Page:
When We Stop Breathing at Night…

The most common type of sleep apnea is called obstructive sleep apnea. It happens because the muscles in your throat relax, blocking the flow of air to your lungs. Your airway might be completely blocked or only partly blocked. When you stop breathing, the amount of oxygen in your blood drops. Your brain recognizes this and makes your body start breathing again.
If you have sleep apnea, there are times during the night when you stop breathing for 10 seconds or longer.

Your doctor needs to know how often there is a pause in your breathing. This helps to determine how severe your problem is. You might be asked to stay overnight in a sleep laboratory. Or your doctor might ask you to have your breathing measured at home.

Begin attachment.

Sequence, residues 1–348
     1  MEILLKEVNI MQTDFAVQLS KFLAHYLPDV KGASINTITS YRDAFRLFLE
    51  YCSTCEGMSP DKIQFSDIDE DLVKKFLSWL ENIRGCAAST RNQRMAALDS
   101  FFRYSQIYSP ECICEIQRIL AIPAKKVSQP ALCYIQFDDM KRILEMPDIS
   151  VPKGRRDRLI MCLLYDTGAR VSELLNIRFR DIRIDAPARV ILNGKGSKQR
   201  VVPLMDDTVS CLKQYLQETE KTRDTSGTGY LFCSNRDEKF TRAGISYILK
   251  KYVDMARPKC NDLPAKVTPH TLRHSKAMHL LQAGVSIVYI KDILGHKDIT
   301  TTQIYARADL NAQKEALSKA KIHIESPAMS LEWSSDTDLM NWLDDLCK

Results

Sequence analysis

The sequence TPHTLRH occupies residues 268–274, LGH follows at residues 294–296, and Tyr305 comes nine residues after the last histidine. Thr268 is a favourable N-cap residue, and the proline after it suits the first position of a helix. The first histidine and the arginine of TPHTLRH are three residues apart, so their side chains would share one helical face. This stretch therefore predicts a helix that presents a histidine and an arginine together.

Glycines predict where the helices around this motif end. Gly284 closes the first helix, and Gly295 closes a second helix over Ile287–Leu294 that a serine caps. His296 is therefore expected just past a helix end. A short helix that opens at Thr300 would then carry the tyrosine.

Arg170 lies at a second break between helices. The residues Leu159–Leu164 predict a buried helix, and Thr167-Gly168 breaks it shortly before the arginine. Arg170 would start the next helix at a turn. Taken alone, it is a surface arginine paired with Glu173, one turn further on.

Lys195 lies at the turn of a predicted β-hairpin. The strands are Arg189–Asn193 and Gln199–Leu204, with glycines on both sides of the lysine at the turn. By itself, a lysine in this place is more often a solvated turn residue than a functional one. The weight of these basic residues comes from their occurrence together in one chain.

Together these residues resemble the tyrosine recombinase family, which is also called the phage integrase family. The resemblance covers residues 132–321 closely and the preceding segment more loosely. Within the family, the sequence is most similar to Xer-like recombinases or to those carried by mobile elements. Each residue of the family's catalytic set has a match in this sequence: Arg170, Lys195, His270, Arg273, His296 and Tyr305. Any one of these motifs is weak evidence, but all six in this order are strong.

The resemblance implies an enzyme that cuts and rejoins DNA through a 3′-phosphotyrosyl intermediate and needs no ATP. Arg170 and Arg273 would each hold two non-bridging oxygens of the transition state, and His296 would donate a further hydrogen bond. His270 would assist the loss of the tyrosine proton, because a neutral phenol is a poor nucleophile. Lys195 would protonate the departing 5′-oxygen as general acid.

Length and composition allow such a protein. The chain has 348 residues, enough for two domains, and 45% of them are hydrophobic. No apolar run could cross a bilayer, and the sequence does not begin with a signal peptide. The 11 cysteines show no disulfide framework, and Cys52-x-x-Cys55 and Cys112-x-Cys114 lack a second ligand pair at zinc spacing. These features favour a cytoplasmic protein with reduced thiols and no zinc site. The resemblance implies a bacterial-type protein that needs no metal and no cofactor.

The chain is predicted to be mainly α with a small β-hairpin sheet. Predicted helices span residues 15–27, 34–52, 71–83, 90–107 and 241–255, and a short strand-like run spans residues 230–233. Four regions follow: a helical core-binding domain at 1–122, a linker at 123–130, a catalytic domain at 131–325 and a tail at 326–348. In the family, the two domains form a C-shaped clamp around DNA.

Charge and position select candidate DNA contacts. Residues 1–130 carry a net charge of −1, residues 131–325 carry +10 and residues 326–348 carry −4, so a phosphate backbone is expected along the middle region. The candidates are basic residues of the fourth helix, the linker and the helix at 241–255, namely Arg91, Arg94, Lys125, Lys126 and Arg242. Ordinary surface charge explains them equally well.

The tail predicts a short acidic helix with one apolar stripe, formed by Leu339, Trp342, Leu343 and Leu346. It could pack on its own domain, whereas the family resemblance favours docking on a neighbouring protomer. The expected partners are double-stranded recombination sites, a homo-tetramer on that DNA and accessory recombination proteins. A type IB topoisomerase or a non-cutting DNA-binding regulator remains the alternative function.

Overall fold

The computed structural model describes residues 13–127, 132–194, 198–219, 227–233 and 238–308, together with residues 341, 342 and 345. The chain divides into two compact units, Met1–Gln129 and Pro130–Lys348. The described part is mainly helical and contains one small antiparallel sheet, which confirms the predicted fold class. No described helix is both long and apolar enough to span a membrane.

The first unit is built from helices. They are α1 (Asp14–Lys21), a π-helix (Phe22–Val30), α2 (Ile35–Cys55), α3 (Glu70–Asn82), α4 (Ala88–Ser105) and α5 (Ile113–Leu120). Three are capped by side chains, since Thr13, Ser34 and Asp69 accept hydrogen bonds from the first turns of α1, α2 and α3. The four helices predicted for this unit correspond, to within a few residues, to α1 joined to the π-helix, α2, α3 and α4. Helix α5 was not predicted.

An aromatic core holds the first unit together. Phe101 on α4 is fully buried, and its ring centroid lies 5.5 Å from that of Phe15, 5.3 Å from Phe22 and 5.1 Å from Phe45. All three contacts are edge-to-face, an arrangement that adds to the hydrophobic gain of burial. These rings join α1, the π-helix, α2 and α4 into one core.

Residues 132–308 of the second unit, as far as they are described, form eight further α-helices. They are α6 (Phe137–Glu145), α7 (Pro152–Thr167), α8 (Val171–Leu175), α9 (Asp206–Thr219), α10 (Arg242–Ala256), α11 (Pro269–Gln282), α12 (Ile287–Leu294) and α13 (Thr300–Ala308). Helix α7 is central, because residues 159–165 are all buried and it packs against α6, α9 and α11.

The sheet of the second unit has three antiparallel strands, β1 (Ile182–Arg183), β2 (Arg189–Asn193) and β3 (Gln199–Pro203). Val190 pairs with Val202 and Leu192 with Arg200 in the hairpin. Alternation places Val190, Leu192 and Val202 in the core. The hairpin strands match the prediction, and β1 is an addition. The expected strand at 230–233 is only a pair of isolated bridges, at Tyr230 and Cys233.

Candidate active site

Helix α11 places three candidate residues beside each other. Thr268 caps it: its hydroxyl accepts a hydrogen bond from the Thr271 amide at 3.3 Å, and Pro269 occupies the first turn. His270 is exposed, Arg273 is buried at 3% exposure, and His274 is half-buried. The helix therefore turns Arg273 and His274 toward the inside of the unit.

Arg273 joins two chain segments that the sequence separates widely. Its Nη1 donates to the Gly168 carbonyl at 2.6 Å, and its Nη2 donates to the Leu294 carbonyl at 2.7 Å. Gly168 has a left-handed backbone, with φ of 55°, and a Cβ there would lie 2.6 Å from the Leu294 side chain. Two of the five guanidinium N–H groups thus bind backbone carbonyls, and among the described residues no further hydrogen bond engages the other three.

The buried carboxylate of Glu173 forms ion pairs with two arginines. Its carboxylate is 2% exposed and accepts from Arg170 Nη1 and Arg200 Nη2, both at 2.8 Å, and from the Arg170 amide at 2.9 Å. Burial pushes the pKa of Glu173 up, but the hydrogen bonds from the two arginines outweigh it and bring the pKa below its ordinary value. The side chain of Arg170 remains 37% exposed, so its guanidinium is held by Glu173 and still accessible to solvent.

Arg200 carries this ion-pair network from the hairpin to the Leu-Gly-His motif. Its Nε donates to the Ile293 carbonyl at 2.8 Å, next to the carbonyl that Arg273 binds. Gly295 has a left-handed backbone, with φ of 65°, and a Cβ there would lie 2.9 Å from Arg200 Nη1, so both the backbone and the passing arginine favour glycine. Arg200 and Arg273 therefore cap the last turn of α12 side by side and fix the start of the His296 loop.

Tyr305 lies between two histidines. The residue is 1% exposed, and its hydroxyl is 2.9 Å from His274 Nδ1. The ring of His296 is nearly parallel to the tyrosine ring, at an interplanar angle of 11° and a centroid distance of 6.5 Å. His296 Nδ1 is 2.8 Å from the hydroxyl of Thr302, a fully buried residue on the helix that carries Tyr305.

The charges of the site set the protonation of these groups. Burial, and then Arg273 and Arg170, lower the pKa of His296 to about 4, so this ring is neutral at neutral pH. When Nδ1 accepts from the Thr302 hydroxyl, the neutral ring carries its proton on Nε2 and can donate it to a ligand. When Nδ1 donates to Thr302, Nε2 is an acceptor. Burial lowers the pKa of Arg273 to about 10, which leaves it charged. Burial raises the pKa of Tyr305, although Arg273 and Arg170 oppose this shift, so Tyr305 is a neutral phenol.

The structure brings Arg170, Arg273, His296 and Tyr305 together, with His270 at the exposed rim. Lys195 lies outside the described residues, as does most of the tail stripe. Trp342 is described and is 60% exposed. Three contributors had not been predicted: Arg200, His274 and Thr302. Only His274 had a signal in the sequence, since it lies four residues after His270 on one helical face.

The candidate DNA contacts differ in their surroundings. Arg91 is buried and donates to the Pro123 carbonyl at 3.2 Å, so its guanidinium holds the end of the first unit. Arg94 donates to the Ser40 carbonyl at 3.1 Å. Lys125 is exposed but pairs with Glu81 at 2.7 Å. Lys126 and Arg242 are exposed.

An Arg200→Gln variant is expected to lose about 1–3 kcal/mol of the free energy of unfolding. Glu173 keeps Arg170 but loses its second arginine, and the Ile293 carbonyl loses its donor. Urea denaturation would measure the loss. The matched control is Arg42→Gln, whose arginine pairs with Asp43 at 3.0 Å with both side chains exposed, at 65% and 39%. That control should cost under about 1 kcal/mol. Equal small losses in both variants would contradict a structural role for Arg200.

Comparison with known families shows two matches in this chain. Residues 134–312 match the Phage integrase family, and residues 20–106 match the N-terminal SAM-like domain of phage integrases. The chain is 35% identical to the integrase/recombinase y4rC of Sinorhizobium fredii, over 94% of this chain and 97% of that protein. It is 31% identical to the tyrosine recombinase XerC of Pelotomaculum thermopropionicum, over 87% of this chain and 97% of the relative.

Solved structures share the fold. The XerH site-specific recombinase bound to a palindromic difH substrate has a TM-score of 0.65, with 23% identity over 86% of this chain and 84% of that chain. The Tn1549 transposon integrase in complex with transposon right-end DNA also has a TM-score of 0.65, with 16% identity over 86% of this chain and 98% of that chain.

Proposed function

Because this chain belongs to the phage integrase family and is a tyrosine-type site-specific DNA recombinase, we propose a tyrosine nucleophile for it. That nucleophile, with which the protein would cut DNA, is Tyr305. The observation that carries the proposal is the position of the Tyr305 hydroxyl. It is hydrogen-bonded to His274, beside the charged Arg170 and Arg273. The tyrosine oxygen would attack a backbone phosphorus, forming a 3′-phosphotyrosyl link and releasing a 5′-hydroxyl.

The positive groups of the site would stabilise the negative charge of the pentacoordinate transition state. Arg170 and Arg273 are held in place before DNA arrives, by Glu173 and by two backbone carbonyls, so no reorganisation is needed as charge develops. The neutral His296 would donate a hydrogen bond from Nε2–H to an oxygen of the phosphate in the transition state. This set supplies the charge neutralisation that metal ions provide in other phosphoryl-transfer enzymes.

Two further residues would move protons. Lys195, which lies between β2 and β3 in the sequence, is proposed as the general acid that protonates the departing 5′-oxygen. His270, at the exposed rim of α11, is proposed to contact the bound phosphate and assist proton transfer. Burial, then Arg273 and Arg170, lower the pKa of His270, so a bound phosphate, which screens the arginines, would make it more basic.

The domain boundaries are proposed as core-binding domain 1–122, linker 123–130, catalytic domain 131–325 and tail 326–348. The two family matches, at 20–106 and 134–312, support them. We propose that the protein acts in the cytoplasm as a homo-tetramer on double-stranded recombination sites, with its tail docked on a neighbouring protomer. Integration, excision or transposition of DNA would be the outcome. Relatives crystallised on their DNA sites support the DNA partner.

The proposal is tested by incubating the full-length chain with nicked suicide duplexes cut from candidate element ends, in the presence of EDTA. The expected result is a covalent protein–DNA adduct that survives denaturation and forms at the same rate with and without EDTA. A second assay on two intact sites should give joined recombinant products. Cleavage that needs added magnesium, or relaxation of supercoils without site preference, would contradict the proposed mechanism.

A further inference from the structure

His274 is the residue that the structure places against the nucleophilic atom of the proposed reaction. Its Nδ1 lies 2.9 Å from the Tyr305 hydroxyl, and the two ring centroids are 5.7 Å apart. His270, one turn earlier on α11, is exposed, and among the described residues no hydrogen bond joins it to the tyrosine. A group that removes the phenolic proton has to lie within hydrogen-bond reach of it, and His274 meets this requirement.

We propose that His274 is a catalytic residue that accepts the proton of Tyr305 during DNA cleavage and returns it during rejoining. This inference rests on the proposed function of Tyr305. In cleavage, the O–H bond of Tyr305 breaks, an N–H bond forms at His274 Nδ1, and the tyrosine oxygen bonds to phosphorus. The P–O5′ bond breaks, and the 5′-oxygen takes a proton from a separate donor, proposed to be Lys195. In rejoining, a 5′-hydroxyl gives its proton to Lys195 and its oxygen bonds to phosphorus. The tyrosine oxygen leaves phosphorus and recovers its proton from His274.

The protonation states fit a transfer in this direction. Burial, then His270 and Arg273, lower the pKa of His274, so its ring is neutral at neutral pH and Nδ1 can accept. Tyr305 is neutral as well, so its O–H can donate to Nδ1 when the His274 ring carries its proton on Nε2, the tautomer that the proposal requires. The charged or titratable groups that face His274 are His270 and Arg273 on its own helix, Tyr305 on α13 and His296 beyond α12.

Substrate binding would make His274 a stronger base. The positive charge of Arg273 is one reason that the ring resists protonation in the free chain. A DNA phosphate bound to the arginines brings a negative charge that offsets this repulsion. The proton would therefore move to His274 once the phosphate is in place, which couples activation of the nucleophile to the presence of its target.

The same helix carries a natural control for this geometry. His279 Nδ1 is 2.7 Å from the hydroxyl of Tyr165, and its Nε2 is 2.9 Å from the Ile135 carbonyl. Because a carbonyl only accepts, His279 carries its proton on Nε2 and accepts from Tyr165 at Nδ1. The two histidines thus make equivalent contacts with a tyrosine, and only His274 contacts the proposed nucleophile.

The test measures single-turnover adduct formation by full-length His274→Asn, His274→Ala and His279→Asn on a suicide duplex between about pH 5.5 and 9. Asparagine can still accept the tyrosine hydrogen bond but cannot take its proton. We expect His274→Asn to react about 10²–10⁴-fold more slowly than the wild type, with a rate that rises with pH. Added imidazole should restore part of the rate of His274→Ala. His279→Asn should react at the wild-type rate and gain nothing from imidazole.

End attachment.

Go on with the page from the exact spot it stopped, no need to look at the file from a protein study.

Here’s one guide that doctors use:
-If your breathing is affected between five and 15 times an hour, you have mild sleep apnea.
-If your breathing is affected between 16 and 30 times an hour, you have moderate sleep apnea.
-If your breathing is affected more than 31 times an hour, you have severe sleep apnea.

People with severe sleep apnea may be at an increased risk of high blood pressure, heart disease and stroke and dying early.